The unopportunistic ad of the year award goes to Yatra.com for its “don’t do narebazi, only do smajhdari”. I never knew that Yatra has changed the airline seating system and everyone will get to sit only on Window seat. The ad raises a burning social question: what happens when you discover that there are no window seats left in the flight? You don’t grin and bear it, you revolt with the aid of an app. If all this sounds confusing then do watch the ad (https://youtu.be/tvpQZYXO9qU). Is the joke on the brand or the person the brand is mocking? Yatra has gone into the war zone hoping to win the war that Snapdeal lost. Brand trolling the real life events is new.

On the subject of trolls, the troll conversation of the year has to go the founders of two unicorns of India. There is nothing to add to the just two tweets exchanged by Sachin Bansal and Kunal Bahl over Alibaba’s entry into India. After the two tweets, good sense prevailed and hopefully they picked the phone on each other.

The Grand Prix of the season has to go to Urban Ladder. Never ever has any brand ever released an ad as imaginative as this one. Urban Ladder released an ad on LinkedIn (https://www.linkedin.com/jobs2/view/117605734?trk=vsrp_jobs_res_name&trkInfo=VSRPsearchId%3A705449381459431181730%2CVSRPtargetId%3A117605734%2CVSRPcmpt%3Aprimary) asking for people who can be mattress tester. It didn’t matter that the ad was released on 1st April, most people realized how easy their job is compared to the one Urban Ladder is offering and how they should trade their comfortable job for this really challenging profile. Urban Ladder. Well done Urban Ladder, really well done.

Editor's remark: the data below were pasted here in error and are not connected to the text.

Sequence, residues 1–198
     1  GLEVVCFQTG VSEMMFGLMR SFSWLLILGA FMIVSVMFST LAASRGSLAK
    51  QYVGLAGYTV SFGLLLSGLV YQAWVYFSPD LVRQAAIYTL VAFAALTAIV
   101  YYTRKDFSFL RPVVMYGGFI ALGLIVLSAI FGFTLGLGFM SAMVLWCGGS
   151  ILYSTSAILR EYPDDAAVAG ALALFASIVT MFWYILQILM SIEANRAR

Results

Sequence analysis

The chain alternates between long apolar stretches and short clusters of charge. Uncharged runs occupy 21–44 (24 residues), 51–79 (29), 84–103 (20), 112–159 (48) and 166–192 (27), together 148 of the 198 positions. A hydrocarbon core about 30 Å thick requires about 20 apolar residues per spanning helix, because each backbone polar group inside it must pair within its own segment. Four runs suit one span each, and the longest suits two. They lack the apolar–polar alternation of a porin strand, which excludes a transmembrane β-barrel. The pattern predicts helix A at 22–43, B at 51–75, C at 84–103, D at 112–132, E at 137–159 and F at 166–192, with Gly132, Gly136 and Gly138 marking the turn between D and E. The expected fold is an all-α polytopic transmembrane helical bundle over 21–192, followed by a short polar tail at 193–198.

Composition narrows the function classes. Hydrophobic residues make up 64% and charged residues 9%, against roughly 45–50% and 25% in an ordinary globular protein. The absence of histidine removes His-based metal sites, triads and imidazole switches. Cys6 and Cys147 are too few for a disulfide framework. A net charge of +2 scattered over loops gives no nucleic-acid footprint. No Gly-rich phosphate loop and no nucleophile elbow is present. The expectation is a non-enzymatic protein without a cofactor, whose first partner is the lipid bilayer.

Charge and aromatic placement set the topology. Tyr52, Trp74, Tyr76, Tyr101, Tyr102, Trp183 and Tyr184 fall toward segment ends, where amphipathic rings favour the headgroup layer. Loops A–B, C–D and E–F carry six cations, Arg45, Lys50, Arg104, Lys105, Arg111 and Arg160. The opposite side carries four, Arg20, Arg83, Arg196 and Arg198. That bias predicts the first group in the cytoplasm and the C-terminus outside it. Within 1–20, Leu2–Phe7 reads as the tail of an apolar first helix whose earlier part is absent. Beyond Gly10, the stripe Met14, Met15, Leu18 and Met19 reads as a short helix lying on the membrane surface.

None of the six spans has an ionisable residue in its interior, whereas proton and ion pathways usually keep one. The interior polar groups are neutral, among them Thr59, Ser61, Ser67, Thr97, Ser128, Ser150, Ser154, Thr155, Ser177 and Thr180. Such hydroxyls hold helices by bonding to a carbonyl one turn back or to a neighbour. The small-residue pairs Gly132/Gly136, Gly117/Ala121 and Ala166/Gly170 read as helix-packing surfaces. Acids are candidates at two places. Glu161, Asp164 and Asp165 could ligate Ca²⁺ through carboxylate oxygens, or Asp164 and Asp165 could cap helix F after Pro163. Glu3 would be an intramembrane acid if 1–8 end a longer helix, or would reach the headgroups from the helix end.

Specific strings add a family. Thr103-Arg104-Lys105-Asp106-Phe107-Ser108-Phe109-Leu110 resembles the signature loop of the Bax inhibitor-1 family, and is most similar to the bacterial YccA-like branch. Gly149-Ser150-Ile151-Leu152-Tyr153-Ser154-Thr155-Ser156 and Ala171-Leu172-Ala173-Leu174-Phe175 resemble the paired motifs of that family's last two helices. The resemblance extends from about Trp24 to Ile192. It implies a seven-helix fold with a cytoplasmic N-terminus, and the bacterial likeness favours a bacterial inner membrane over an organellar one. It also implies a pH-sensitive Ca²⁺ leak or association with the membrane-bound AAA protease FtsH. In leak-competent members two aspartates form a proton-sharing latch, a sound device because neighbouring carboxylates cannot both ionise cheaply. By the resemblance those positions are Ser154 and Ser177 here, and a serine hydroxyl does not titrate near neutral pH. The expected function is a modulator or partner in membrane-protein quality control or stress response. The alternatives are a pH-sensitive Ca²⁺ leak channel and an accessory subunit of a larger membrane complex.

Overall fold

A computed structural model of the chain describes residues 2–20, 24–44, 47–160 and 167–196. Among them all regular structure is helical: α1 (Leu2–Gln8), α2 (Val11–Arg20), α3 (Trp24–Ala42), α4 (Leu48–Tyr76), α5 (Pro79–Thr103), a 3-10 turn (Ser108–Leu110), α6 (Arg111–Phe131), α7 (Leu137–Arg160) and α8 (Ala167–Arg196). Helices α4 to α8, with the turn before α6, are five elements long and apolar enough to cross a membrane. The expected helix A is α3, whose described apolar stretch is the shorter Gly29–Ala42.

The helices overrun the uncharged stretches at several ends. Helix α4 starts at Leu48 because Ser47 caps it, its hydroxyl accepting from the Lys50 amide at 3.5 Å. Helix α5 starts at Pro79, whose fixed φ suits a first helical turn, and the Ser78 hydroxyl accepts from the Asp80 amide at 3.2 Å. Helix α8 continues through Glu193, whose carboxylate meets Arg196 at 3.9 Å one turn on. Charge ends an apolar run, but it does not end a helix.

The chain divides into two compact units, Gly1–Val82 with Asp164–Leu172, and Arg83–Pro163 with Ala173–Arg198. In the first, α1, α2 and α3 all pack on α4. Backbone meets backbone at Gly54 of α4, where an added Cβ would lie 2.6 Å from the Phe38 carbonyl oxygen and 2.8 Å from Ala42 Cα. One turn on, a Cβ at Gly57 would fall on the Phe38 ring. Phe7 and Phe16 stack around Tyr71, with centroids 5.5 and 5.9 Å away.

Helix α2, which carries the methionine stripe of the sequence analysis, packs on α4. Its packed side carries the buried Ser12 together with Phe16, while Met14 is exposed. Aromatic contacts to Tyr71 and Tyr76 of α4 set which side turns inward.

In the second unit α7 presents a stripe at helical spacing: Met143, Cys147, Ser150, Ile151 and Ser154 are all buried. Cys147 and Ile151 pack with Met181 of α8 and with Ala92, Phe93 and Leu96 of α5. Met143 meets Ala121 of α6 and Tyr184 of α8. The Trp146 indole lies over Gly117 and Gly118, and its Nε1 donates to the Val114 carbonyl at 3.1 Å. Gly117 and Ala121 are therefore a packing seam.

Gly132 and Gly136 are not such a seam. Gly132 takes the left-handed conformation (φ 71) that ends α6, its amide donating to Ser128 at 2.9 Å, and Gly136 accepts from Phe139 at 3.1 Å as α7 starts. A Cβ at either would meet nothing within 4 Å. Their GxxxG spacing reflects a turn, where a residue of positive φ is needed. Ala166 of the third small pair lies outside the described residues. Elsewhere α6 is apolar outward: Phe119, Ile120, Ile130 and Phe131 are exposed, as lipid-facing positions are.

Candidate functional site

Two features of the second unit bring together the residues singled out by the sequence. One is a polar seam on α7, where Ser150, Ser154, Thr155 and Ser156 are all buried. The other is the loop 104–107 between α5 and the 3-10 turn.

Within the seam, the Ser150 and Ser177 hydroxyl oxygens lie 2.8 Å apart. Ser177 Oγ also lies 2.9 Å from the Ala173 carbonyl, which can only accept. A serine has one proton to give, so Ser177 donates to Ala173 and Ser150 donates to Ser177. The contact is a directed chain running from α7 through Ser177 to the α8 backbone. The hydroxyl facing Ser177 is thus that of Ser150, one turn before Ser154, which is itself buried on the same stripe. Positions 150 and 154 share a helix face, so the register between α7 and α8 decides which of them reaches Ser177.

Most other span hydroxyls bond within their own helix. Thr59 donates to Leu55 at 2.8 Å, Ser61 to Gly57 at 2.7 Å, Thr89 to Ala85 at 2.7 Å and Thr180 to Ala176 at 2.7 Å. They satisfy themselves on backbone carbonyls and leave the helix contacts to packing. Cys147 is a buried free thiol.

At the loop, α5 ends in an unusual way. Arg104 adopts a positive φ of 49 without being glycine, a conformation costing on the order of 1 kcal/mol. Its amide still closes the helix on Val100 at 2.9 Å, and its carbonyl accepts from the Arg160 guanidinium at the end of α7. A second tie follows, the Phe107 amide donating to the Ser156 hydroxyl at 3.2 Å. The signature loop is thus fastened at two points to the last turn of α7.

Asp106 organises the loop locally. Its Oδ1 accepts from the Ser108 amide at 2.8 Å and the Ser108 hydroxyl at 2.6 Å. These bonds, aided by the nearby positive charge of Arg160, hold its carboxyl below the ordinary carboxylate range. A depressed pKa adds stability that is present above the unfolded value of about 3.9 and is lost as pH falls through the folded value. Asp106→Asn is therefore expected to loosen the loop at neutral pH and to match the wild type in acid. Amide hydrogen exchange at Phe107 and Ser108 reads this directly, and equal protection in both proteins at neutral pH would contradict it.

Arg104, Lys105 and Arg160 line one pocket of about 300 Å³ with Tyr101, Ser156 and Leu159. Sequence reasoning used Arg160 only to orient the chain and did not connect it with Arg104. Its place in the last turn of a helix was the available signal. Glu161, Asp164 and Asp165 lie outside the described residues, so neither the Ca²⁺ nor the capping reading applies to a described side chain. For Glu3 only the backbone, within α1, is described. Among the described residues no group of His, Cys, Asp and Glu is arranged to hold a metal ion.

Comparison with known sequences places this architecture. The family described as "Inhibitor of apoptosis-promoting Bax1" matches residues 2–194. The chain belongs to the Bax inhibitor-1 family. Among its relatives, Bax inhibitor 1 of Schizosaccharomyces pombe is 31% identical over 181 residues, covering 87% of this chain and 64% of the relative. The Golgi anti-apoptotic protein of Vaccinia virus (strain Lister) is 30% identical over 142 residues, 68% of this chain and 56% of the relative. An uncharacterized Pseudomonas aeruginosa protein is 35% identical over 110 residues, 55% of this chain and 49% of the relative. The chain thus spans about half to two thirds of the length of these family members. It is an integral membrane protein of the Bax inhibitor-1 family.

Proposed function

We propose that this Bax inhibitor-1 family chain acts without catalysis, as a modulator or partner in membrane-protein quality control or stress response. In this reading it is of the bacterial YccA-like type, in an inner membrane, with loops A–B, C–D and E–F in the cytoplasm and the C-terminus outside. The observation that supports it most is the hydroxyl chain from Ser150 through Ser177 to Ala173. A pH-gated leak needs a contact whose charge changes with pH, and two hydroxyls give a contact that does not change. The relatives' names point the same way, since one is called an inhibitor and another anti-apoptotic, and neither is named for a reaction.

I am sure there are many more ads out there that deserve awards; we in advertising are very accommodative. Let’s create more categories.

 

 

 

EndFragment

— 

Naresh Gupta

@googlegupta / 9811160480

Sent with Airmail

The R Day Weekend

This was the week when brands went into overdrive with Republic Day messages. The whole country seemed to be draped in tricolour and the entire country seemed to be on sale. Zomato even turned every word of Happy Republic Day into a food item!

Commerce usually triumphs patriotism.